The Normans are thought to have been the first to introduce the practice of fixed surnames among us; and certainly, a little while before the Conquest, some of those adventurers had taken family names from their chateaux in Normandy. "Neither is there any village in Normandy," says Camden, "that gave not denomination to some family in England." But that these Norman surnames had not been of long standing is very certain, for at the Conquest it was only 160 years since the first bands of Northmen rowed up the Seine, under their leader Hrolf, whom our history books honour with the theatrical name of Rollo, but who was known among his people as "Hrolf the Ganger."
||The Conquerors 1.0c
||Build and Destroy
But whether in imitation of the Norman lords, or from the great convenience of the distinction, the use of fixed surnames arose in France about the year 1000, came into England sixty years later, or with the Norman Conquest, and reached us in Scotland, speaking roundly, about the year 1100.
The first examples of fixed surnames in any number in England are to be found in the Conqueror's Valuation Book called Domesday. "Yet in England," again to quote the judicious Master Camden, "certain it is, that as the better sort, even from the Conquest, by little and little took surnames, so they were not settled among the common people fully until about the time of Edward the Second."
We had our share of those dashing Norman adventurers who introduced among us the customs of chivalry and the surnames they had adopted from their paternal castles across the Channel. They made a rage for knighthood in both ends of our island, and turned the ladies' heads. An English princess declined to marry a suitor who "had not two names"; and here in Scotland they became the favourites and companions of our sovereigns; witness the courtiers who surrounded David I, and his grandsons, whose names ~ Brus, Balliol, De Morevil, De Umphravil, De Berkelai, De Quinci, De Vipont, De Vaux, and a hundred others ~ still thrill on our tongues, and bring up stories of knightly feats of arms, of the battlefield and the tilting-ground.
On the Continent, especially in France, this style of surname, showing its territorial origin ~ especially where marked with the De, so much valued by our neighbours ~ is considered as almost the absolute test of gentry; and many a pretty Frenchwoman has given herself and her fortune in exchange for little more than the empty sound of the aristocratic prefix. With us it has never been so; and our difference is not merely of language. We have never recognised the principle of raising these territorial names into an aristocracy of gentry ~ a top cream of society. We have no higher names in England ~ not even De Vere, Clifford, or Nevil -- than our Spensers, Fitzgeralds, Stuarts, Butlers, names which cannot have a territorial origin.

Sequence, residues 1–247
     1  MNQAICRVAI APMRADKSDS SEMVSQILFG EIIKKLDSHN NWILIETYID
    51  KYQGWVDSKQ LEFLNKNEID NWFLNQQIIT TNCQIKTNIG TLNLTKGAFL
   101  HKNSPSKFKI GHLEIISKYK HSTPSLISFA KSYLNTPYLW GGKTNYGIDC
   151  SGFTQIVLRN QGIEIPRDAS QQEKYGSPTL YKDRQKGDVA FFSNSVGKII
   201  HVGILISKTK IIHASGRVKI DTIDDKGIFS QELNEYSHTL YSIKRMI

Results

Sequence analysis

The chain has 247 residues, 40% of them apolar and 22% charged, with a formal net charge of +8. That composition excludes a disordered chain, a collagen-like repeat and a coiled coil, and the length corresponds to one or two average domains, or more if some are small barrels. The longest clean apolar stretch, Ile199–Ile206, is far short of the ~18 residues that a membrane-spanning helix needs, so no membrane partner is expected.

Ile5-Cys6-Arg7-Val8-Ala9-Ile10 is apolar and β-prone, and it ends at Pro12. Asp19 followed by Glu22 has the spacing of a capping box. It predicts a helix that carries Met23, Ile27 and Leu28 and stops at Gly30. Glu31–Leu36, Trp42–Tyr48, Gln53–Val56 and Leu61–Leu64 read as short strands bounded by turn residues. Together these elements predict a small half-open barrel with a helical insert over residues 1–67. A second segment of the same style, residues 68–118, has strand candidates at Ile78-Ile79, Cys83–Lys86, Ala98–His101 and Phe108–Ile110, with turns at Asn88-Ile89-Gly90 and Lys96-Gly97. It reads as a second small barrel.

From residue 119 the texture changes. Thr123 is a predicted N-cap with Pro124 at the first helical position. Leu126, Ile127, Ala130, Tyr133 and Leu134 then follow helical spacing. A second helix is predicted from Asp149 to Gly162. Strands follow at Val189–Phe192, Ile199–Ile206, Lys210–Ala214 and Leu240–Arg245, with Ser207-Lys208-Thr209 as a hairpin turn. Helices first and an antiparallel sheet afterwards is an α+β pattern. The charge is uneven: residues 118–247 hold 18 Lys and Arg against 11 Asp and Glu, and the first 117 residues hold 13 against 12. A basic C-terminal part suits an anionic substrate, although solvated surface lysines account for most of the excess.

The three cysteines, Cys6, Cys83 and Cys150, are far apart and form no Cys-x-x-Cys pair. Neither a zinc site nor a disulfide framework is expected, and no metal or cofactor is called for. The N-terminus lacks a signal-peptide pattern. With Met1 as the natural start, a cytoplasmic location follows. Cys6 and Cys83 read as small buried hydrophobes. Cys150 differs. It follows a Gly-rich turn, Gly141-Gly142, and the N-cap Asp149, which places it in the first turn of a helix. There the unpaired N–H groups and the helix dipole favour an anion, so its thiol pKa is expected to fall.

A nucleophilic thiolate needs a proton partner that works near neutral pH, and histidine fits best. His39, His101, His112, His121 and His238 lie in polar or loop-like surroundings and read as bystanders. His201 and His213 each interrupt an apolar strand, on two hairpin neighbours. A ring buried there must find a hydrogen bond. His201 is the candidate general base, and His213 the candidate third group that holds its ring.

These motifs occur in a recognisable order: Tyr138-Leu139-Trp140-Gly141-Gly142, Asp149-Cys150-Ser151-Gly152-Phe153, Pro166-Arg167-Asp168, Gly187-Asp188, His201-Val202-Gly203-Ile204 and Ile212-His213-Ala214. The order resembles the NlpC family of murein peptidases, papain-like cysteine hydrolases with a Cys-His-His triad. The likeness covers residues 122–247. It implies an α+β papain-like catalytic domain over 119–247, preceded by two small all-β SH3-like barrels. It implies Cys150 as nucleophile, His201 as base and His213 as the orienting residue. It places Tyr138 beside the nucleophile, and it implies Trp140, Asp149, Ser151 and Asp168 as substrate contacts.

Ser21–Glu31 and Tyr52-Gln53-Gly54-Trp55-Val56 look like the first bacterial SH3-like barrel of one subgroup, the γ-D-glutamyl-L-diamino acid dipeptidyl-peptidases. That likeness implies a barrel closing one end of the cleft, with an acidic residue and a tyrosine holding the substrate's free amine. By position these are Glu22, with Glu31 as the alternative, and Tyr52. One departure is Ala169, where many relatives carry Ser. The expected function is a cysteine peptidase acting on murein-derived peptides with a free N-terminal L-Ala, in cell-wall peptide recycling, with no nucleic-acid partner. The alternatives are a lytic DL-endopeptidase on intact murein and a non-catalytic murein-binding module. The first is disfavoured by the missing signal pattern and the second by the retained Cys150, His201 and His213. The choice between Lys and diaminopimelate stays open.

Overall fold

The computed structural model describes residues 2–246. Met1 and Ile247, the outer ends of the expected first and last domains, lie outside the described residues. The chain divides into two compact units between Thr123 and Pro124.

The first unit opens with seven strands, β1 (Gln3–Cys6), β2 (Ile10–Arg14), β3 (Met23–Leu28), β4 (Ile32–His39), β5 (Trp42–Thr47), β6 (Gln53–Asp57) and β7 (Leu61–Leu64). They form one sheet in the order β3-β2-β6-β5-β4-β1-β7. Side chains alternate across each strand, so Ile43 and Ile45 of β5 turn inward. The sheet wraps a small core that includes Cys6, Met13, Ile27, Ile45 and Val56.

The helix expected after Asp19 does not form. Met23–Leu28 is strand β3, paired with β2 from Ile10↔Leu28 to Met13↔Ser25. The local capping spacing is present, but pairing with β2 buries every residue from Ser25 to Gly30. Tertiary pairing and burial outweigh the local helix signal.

The era of fixed surnames does not rest only on the authority of Camden. It can be proved by a thousand records, English and Scotch. It seems to me it is almost sufficiently proved, when we can show the race of Stuart ~ already first of Scotch families in opulence and power ~ distinguished by no fixed surnames for several generations after the Norman Conquest. Much later, the ancestors of the princely line of Hamilton were known as Walter Fitz-Gilbert, and Gilbert Fitz-Walter, before it occurred to them to assume the name their kinsmen had borne in England. But you must allow me here, and for the present, to rest it on my mere assertion, that surnames were first used among us in the twelfth century, and came into general use in the following one.
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"Hrolf the Ganger" was a imitation, it was obvious from the moment I started exploring the map. It's description sounds historical but it's a totally different thing when you load up the game.
Playability: It's playability was average, It was ok to play but neither here nor they're is a good way of describing it. It was ok but it was too much like Gyda's challenge.
Balance: I found this campaign way too easy,if it had a good set of Ai files it would be much harder, even triggers creating more units every so often would make it more of a challenge.
Creativity: This wasn't very creative, I've already mentioned it playing too much like Gyda's challenge. Some of the comments were exactly the same too, if it was a historical campaign as it's description suggests it's history was inaccurate as Hrolf never conquered Norway he was famous for attacking France and being the first to settle in Normandy.
Map Design: The map looked a lot like Gyda's challenge as well with a few changes, I'd say the map was ok to look at and the terrain changed to keep me interested, I can't award a 4 in map design to a map which is just a copy of someone else work however.
Story/Instructions: It didn't really have much of a story, It was just a Hrolf conquer Norway idea beyond that they're wasn't any real backbone for a story. Instructions served they're purpose and I had no trouble following them.
Overall: It was basically someone enjoying Gyda's challenge a little too much and trying to recreate it for themselves. I'd recommend trying to create something new and original instead of trying to follow other peoples scenarios, I'd like to say to recommend this but I can't, instead just download Gyda's Challenge.